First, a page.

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Technology, the knowledge economy and how academia should respond

September 17, 2011

Computer with networked attachmentsWe need not look far for examples of the massive change the Internet has brought upon us. Take the music industry for example. Like water finding the path of least resistance people started to find ways to create and exchange copies of songs for free. There has been much speculation as to why this occurred. Some say it is because no one wanted to buy a whole album when they only wanted one song. It became simple to share music, one song at a time, online. Peer to peer file sharing ensured no one would be required to store songs on their server and risk getting caught providing copyright material for free.

Why wouldn’t the record companies sell new material online? Did they just not “get it”? Some bands began to sell their songs online or provide them for free. Others found innovate, “pay what you think it is worth” business models. Music fans will always buy music. Just make it available in a convenient and fairly priced format. Same goes for the film industry. People didn’t even wait for the film to be released in a digitized format before they were recording it in the theatre and distributing these versions online (in some ways this is similar to bootleg concert recordings). Now this industry is suffering. But it has learned from the mistakes of others and now offers other channels of delivery. Soon films released in the theatre will also be available for viewing online at the same time.

Another medium experiencing great threat from the Internet is journalism. They also ignored the signs. People wanted their news in an online format. They wanted to be able to provide comments instantly by posted their opinion at the web page below the story. Who would write a letter to the editor using paper, an envelope and stamp when you can instantly post online? Print subscriptions to newspapers have plummeted. Some say this is because the news is outdated once it arrives. Others prefer to save on costs and view it for free online. Other threats also arose. Bloggers, some of whom write about events experienced in person and others who share their own opinions have become a serious threat to credentialed journalists from well respected newspapers and magazines. Suddenly the monopoly these industries had on what, when, how and by whom news was reported became threatened.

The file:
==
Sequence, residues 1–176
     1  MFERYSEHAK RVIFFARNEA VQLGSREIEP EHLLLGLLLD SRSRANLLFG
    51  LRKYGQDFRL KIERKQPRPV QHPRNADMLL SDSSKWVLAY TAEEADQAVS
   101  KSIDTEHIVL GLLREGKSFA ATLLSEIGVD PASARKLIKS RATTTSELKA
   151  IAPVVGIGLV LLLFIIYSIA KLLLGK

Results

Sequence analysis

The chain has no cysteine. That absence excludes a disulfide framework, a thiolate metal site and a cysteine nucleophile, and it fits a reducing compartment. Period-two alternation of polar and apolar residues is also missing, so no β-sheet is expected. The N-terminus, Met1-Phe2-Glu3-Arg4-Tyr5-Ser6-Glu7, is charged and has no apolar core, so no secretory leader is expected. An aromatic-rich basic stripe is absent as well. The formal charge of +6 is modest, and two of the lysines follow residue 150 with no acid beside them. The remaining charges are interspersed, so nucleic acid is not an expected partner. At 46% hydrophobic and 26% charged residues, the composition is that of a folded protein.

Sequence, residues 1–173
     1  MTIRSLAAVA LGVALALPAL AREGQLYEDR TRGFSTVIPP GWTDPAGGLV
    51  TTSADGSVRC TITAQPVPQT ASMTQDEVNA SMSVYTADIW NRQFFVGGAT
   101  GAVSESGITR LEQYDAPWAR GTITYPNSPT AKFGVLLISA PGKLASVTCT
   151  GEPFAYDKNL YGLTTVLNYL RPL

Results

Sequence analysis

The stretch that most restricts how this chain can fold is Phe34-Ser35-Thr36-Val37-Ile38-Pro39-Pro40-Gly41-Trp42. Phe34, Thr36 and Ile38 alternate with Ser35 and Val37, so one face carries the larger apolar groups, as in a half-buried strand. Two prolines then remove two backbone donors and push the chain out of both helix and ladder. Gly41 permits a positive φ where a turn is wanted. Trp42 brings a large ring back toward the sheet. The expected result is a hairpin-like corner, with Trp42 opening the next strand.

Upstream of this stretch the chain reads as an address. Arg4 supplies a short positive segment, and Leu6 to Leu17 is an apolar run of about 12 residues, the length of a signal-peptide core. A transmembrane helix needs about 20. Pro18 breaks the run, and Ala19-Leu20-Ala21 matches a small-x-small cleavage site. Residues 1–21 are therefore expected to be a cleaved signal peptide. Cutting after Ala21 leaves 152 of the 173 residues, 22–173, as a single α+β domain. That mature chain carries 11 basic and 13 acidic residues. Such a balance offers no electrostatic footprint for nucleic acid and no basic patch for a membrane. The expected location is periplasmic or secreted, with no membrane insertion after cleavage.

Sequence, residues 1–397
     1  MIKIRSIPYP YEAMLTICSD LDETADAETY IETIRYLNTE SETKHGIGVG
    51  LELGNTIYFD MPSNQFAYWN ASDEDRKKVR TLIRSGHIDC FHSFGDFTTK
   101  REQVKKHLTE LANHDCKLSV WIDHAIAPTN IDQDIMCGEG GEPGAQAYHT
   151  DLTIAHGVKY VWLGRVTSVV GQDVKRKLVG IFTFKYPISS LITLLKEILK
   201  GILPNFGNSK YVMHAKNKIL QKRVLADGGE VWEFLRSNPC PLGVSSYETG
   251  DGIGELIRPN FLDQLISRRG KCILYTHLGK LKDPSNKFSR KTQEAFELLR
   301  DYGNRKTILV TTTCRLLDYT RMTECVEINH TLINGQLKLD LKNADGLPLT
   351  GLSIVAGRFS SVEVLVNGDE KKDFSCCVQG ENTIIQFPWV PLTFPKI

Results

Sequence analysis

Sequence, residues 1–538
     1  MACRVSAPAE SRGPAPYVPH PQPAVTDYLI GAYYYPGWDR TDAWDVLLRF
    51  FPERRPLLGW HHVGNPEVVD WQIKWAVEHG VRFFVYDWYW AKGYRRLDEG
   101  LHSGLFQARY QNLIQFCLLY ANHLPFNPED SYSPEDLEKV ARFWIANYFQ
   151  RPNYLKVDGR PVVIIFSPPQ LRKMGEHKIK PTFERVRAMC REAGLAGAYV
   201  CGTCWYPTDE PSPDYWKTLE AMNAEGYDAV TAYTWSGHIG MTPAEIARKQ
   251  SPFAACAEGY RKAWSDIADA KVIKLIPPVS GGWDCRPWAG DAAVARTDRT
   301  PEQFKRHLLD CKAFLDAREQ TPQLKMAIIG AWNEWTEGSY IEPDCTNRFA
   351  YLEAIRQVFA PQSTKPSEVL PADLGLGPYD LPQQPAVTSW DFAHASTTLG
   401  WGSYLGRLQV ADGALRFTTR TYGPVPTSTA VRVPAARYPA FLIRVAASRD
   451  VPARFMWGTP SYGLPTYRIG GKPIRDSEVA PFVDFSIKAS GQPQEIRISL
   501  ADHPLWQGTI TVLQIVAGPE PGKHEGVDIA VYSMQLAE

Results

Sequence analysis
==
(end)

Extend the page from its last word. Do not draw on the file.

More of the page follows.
Then HIN1 happened and some very smart journalists at The Guardian UK learned it was much better to create the story then just sit back and report it. They found data about the reported incident rates at the Center for Disease (CDC) web site. They took that information and put it into a Google Docs spreadsheet. Using the Google Maps API they did a bit of programming to connect the location from the outbreak data to the map. This created an interactive rendering of where the current outbreaks of the pandemic were in real time. This incredibly useful and informative tool goes beyond writing a story that H1N1 is spreading. It provided us with up to date information professionals and laypersons could use in an easy to access format with complete transparency of how the information was developed. This field is now called data journalism.

In the future all workers will need to adapt and change their job on the fly in this fashion. It is no longer about learning how to do a task or set of tasks – it is about learning to identify what the task is then adapt, acquire or even create the skills to complete task. This is the knowledge economy.

Teacher with brief case and light bulb for head

 Many of those already in the work force won’t have the skills to work in this type of environment. They want to stick with what they know, what they were taught and have been doing for years. They don’t want to learn anything new. In part the academic system in which they were schooled is to blame. The emphasis on memorization and testing of rote knowledge is out of date. What can we do now to change this for the next generation?

The first think we need to acknowledge is that it is no longer about memorizing. Information is freely available online. What is the point having the student memorize the periodic table when they can just look it up online? I know what you’re thinking, “I had to long how to add, subtract, multiple and divide and there’s no way my kid is going to get away with using a calculator”. Yes, it is important to understand the theoretical underpinnings of a concept. But we need to shift our emphasis. We need to focus more on creating academic environments that foster ways to combine collective knowledge into new forms of intelligence. And we need to do this at a younger age. It is about the co-creation of new knowledge not the memorization of old. And the sooner we make these adjustments the better off we will be. In a global economy our future depends on it.

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